In the earliest days of the American colonies, ground cornmeal was used as a substitute for harder-to-find wheat flours. Native Americans taught the Europeans how to combine it with boiled water to make a simple batter, and they, in turn, added milk, molasses, and butter for various cakes and puddings. Johnny cakes (also spelled jonnycakes) were one of those variations. Every October, Kenyon’s Grist Mill in West Kingston, Rhode Island, hosts a festival celebrating this heritage food.
Note: For thin, crisp cakes, omit the boiling water, increase the milk to 1-3/4 cups, and reduce the cooking time to 3 to 4 minutes on each side.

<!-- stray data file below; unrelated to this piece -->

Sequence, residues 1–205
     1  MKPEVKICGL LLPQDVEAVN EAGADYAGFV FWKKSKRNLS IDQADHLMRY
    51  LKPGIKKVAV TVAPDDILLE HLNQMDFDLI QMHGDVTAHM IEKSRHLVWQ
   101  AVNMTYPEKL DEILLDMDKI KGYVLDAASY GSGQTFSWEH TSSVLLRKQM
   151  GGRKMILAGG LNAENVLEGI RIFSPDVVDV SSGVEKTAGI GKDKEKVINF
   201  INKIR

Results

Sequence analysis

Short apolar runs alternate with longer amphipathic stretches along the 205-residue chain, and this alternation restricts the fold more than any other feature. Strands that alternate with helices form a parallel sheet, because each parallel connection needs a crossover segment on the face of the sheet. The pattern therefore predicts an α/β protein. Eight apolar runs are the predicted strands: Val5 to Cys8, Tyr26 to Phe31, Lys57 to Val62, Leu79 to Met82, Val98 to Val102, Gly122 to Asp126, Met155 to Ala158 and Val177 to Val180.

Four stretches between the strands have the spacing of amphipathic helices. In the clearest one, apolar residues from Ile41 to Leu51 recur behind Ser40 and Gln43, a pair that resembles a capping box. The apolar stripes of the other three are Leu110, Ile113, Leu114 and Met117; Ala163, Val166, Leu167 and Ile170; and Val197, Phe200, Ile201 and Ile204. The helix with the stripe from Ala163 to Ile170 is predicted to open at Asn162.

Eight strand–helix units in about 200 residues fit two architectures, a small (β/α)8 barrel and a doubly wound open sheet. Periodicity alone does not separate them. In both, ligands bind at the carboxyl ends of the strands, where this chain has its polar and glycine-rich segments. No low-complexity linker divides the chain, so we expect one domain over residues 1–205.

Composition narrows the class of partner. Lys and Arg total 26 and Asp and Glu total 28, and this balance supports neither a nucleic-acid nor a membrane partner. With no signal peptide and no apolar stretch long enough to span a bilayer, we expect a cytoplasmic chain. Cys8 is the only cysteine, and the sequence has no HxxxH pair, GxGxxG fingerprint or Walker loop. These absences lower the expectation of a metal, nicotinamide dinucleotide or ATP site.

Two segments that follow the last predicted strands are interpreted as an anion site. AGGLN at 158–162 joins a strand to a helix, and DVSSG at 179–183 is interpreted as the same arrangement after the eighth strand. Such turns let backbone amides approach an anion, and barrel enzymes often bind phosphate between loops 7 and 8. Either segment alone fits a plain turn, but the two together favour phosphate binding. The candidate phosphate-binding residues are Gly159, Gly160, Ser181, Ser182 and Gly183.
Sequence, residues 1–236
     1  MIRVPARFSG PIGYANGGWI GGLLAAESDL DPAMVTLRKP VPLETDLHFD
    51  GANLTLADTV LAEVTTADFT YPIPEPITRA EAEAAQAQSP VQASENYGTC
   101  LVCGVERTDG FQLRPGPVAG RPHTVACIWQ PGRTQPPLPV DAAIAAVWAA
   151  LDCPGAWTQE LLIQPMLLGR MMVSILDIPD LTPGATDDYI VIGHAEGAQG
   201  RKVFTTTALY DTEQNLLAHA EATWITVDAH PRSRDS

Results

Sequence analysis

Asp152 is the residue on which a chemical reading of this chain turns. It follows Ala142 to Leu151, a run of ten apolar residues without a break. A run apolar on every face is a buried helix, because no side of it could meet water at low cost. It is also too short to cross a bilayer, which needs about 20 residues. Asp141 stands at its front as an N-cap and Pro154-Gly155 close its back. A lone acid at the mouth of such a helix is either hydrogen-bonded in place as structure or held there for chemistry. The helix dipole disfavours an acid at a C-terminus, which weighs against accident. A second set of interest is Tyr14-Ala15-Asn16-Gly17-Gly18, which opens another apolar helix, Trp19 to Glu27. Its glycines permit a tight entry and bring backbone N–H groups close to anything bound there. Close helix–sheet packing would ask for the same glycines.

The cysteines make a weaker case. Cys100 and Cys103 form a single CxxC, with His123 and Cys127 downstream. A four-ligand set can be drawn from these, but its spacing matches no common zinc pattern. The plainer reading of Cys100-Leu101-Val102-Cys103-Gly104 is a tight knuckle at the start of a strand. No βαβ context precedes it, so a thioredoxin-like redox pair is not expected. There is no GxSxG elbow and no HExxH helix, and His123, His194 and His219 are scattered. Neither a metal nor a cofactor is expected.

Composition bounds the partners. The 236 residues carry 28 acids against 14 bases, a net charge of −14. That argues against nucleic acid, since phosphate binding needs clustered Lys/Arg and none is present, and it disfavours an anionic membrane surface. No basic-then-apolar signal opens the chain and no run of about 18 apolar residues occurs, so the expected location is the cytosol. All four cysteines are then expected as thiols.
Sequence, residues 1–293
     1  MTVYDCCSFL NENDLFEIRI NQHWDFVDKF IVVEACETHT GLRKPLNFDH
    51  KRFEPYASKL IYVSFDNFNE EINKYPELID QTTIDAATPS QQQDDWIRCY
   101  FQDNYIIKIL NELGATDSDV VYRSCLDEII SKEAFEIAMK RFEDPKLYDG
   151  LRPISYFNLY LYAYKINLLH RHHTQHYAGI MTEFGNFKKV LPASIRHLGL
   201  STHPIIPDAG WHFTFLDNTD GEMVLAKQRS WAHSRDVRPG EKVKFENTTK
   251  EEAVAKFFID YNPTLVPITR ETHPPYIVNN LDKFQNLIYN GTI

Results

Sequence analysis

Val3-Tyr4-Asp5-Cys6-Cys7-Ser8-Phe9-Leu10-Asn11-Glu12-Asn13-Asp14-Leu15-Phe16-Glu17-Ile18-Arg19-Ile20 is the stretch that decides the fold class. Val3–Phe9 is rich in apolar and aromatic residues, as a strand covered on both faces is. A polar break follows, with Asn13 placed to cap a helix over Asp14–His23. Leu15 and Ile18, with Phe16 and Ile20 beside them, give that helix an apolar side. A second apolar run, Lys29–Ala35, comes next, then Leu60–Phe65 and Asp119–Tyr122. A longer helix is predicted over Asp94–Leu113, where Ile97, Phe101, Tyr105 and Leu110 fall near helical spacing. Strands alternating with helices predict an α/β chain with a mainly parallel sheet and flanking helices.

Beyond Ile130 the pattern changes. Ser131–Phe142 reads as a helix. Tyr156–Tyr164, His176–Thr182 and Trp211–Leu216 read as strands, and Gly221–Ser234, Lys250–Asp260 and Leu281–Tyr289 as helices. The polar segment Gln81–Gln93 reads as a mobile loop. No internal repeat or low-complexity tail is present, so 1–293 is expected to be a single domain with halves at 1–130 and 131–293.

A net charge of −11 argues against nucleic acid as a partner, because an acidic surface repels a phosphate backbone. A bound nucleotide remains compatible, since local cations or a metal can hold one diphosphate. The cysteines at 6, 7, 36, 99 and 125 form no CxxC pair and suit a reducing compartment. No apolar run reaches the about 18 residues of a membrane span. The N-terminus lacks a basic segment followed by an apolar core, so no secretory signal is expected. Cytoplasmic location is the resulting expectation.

Yield: 12 cakes.
- 1 cup white flint cornmeal
- 1/2 teaspoon kosher or sea salt
- 2 teaspoons granulated sugar
- 1-1/2 cups boiling water
- 3 tablespoons whole milk
- 3-4 tablespoons unsalted butter
In a medium bowl, whisk together cornmeal, salt, and sugar. Whisk in boiling water until mixture has the consistency of loose mashed potatoes. Whisk in milk. The batter will thicken as it cools.
Melt butter on a skillet over medium-high heat. Pour large spoonfuls (about 3 tablespoons each) of batter onto the skillet and brown, about 5 minutes on each side.